Learn from Customers

Learn how to understand your customers better – their behaviors, needs, and wants – and generate the insights you need to start designing.

Why and how do you collect customer information?

A solid understanding of customers’ lives, motivations, and aspirations is the first step to improving customer experience – and increasing value for customers and your organization. It’s the entry point for designing more effective products and services. Research often reveals exactly what influences personal finance decisions.

Although everyone in a customer-centric organization is responsible for thinking about customer needs and experiences, it’s the research team that should regularly draw insights from customer information. Insights can come from existing interactions between customers and tellers or agents, or from explicit research.

Get Going with a Research Plan

To truly understand customer behavior, an approach that combines qualitative and quantitative research is most effective. An efficient research plan first taps into existing internal knowledge, then dives into the unknown. And if you already have data, focusing on knowledge gaps can generate more relevant findings.

  • Begin by looking at internal transaction data and Voice of the Customer feedback.
  • Start small – even a quick conversation is a good place to begin.
  • Go to a busy market and conduct 15-minute interviews.
  • Deepen some conversations into one-on-one interviews.

Key Resources

Ghanaian woman participates in a qualitative interview in her home by a team gathering customer insights from low-income customers.

What’s the best way to approach research with low-income customers?

In low-income settings, it’s especially important to conduct research sensitively.
Here are a few tips:

  • Meet people where they live.
  • Wear casual, appropriate attire.
  • Be mindful of religious, gender, cultural, and socioeconomic norms.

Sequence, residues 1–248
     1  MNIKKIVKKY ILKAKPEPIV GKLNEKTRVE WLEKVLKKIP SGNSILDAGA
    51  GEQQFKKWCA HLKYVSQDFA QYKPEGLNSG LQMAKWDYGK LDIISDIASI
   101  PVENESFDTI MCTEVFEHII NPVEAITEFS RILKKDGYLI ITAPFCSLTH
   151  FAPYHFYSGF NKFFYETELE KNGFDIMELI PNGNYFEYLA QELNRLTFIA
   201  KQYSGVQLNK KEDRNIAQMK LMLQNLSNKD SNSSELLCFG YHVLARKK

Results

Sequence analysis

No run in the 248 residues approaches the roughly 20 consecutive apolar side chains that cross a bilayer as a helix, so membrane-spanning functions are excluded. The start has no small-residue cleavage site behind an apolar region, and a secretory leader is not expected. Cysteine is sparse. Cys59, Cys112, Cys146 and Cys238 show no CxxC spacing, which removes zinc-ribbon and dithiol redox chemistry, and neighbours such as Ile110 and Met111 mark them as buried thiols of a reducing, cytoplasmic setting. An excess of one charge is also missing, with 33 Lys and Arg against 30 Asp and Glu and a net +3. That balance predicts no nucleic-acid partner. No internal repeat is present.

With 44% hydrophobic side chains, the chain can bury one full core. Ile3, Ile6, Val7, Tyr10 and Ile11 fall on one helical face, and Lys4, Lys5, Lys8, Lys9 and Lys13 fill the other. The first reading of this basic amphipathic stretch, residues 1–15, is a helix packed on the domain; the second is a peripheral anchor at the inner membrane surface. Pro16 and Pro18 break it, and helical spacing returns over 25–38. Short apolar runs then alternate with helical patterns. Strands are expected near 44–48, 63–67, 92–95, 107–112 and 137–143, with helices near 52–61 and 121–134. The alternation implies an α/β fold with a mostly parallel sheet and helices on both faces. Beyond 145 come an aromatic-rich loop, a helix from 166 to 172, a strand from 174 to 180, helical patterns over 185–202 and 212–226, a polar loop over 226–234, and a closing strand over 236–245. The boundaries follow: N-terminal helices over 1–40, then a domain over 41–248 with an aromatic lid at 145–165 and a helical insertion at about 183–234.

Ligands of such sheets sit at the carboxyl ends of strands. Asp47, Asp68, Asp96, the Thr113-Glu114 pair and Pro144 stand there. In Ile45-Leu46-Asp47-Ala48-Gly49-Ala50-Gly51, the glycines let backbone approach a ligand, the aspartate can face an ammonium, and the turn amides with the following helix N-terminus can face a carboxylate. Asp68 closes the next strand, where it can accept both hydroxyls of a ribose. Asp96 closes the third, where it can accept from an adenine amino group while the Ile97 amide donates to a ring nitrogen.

• Ensure that a member of your team speaks the local language.
  • Consider incentives – participants may have to forego income to spend time with you.
  • Be aware of privacy and security risks around your conversations.
  • Approach people with humility, genuine curiosity, respect, and care. They’re helping you build a more impactful customer experience.

Key Resources

Low-income women in Indonesia look at and discuss their microcredit group loan documents

Which type of research best fits your organization?

Quantitative Research 

  • Choose when: Demonstrating market opportunity; gaining a broad understanding of a population.
  • Use when: You need a precise estimate of market opportunity; you already have a strong understanding of customer needs and characteristics.
  • Sample size: Usually large.
  • Conducted by: A data scientist who specializes in using research to understand behaviors and demographics.
  • Benefit: Research insights can be narrowly applied to product features, attributes, and pricing.

Qualitative Research 

  • Choose when: Gaining customer insights; understanding aspirations, frustrations, and preferences.
  • Use when: Conducting exploratory research on customer needs; if you don’t have enough secondary research to form a hypothesis; when behavior change is so noticeable you can inquire only in person.
  • Sample size: Usually small.
  • Conducted by: Ethnographers, qualitative research specialists, designers.
  • Benefit: Provides deep insight into less obvious unmet needs and expectations.

Combination of Quantitative + Qualitative Research

  • Choose when: Gaining a clear picture of a target market and the business opportunity within customers’ lives.
  • Use when: Targeting a segment with less established or rapidly changing needs, such as low-income customers.
  • Sample size: Large for quantitative; small for qualitative.
  • Conducted by: Data scientists, ethnographers, qualitative research specialists, designers (or an outside research firm that specializes in both).
  • Benefit: Insights are deeper when you have time/resources for both types of research.
Low-income woman in Kenya smiles and holds baby during a qualitative interview in her home.